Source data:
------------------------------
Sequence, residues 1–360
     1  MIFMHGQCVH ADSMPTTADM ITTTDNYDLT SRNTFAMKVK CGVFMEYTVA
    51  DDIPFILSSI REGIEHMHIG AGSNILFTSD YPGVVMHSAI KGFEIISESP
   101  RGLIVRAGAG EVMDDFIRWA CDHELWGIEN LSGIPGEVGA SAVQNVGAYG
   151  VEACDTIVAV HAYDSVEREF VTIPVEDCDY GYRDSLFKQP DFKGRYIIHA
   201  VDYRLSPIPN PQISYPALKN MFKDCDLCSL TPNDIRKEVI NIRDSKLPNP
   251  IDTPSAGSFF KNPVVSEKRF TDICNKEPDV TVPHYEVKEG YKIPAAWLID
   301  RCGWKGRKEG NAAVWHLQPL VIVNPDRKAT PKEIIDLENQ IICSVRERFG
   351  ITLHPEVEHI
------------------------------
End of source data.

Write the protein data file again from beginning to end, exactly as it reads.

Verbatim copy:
Sequence, residues 1–360
     1  MIFMHGQCVH ADSMPTTADM ITTTDNYDLT SRNTFAMKVK CGVFMEYTVA
    51  DDIPFILSSI REGIEHMHIG AGSNILFTSD YPGVVMHSAI KGFEIISESP
   101  RGLIVRAGAG EVMDDFIRWA CDHELWGIEN LSGIPGEVGA SAVQNVGAYG
   151  VEACDTIVAV HAYDSVEREF VTIPVEDCDY GYRDSLFKQP DFKGRYIIHA
   201  VDYRLSPIPN PQISYPALKN MFKDCDLCSL TPNDIRKEVI NIRDSKLPNP
   251  IDTPSAGSFF KNPVVSEKRF TDICNKEPDV TVPHYEVKEG YKIPAAWLID
   301  RCGWKGRKEG NAAVWHLQPL VIVNPDRKAT PKEIIDLENQ IICSVRERFG
   351  ITLHPEVEHI